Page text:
What Is Personal Guarantee Insurance?

How Small Business Owners Can Protect Personal Assets

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Many small businesses need financing in the form of a business loan to get started or to expand. For startup loans, in particular, the business owner often must provide the lender with some collateral and a guarantee of repayment if the business defaults on the loan. Since a new business often has little collateral and little to no income to guarantee the loan, the business owner is often required to provide a personal guarantee.

A personal guarantee is signed by the business owner pledging personal assets in the event of business default—that is, the owner's assets may need to be sold to pay off a business loan.

How Small Business Owners Can Protect Personal Assets

New business owners are often concerned about the loss of personal assets if their business fails to pay its bills or loans. But there is a new solution to keep personal assets out of the picture in the event of a business bankruptcy or default; this new solution is called "personal guarantee insurance."

What Personal Guarantee Insurance Is

Personal Guarantee Insurance (PGI) is a new insurance product created to provide small-to-medium-sized business owners and commercial real estate investors protection for personal assets when they sign a personal guarantee for a commercial loan.

Personal guarantees have long been a fact of life for business owners seeking a commercial loan, but this doesn’t lessen the risk associated with signing them. By doing so, the signer (also known as a guarantor) is responsible for satisfying the terms of the loan in the event of the business’ liquidation. This puts the guarantor’s assets (such as a home, car, college accounts, retirement accounts, etc.) at risk. PGI is designed to protect the guarantor’s assets in such a situation.

If, after liquidating the business assets, the lender seeks personal assets to repay the balance of the loan, PGI will cover up to 70 percent of the insured’s net liability, depending on the coverage purchased and the terms of the policy.

By covering up to 70 percent of the guarantor’s net liability, PGI provides the insured with a safety net without eliminating the motivation to overcome difficulties and restore the health of the business.

Who Pays the PGI Premium

PGI is an annual policy, with a premium based on the size of the loan and the risk characteristics of the underlying business. The borrower/guarantor purchases the insurance to protect their assets. The insurance is available to the business owner(s)/guarantor(s) as they have committed to a personal guarantee associated with a commercial loan. Coverage is generally only available for a limited time after the loan closing.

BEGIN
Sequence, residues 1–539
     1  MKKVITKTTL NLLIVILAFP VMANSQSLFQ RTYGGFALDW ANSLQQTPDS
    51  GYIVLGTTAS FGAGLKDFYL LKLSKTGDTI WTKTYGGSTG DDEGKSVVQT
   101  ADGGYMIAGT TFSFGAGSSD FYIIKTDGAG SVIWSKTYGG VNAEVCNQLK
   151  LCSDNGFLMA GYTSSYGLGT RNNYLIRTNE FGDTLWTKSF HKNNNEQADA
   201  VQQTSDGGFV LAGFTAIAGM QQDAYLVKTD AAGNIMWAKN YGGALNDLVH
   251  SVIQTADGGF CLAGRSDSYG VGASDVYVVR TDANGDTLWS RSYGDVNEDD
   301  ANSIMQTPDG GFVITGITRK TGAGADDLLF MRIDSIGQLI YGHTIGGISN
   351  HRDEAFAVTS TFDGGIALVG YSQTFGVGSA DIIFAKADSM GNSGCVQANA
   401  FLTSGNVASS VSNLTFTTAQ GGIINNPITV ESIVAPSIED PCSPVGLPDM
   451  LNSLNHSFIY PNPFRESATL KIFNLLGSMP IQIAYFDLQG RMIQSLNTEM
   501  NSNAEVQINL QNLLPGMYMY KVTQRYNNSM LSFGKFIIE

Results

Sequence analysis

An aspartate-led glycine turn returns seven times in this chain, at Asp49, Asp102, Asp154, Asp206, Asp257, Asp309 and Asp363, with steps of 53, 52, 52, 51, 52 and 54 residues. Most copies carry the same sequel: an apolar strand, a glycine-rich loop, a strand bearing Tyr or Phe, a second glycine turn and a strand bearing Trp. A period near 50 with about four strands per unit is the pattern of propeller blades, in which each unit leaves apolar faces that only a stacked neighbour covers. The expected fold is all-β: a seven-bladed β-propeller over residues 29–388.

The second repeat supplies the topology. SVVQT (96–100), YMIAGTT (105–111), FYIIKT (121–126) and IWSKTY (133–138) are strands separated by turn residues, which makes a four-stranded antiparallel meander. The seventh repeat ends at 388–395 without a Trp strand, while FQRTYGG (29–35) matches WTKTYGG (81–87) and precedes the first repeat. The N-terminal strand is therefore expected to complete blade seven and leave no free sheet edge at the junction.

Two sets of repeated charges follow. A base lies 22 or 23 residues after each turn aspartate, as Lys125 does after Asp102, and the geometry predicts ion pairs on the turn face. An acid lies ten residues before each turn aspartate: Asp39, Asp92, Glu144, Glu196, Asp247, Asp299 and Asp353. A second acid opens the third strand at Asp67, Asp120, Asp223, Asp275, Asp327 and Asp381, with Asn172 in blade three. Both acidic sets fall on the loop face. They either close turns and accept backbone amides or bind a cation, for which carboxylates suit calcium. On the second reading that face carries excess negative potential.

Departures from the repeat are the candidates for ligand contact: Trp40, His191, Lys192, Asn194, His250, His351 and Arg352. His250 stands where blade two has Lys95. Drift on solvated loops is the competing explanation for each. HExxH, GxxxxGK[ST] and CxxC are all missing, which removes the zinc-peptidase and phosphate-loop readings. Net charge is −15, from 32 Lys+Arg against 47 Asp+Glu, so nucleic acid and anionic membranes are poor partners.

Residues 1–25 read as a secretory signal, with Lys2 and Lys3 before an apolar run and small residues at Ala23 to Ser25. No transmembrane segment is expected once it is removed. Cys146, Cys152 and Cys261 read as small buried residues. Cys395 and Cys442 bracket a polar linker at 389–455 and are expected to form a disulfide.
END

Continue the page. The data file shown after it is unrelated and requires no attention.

PGI is an annual policy, with a premium based on the size of the loan guarantee and the risk characteristics of the underlying business and loan transaction. With the answers to a few questions, a preliminary quote can be provided. The cost starts at less than 1 percent of the total amount of the guarantee.

Who PGI Protects

PGI is designed to protect the borrower’s assets when signing a personal guarantee. However, coverage benefits may be assigned, and many lenders view a purchase of a PGI policy positively as it provides additional value to the guarantee and reinforces the existing collateral on the business loan.

The Limits of Personal Guarantee Insurance

Coverage amounts are available between 30 percent and 70 percent of the stated value of a personal guarantee, at the discretion of the guarantor(s), up to a policy limit of $2.5 million. Coverage is available for most commercial and industrial loans (e.g., lines of credit, demand loans, term loans, commercial real estate, term facilities, and commercial mortgages) and, on a minimal basis, construction and development loans.

Loans must be secured loan transactions. Coverage is also available for government guaranteed loans like Small Business Administration (SBA) loans. But coverage is not available for unsecured loan transactions or highly speculative projects.

The typical company profile of a customer is a small-to-medium-sized business, generally with revenues between $5 million and $100 million, or a commercial real estate property with a value between $750,000 and $10 million. The business has a consistent performance record with a minimum of five years of operating experience and three years of credit history or principals with an equivalent track record in the industry.

How PGI Works When a Business Defaults on a Loan

In the case of a loan default, the insured(s) must notify the insurance company that issued the policy. A claims manager will be assigned to help the insured guarantors understand the circumstances, what the default means, and how to work through to a claim.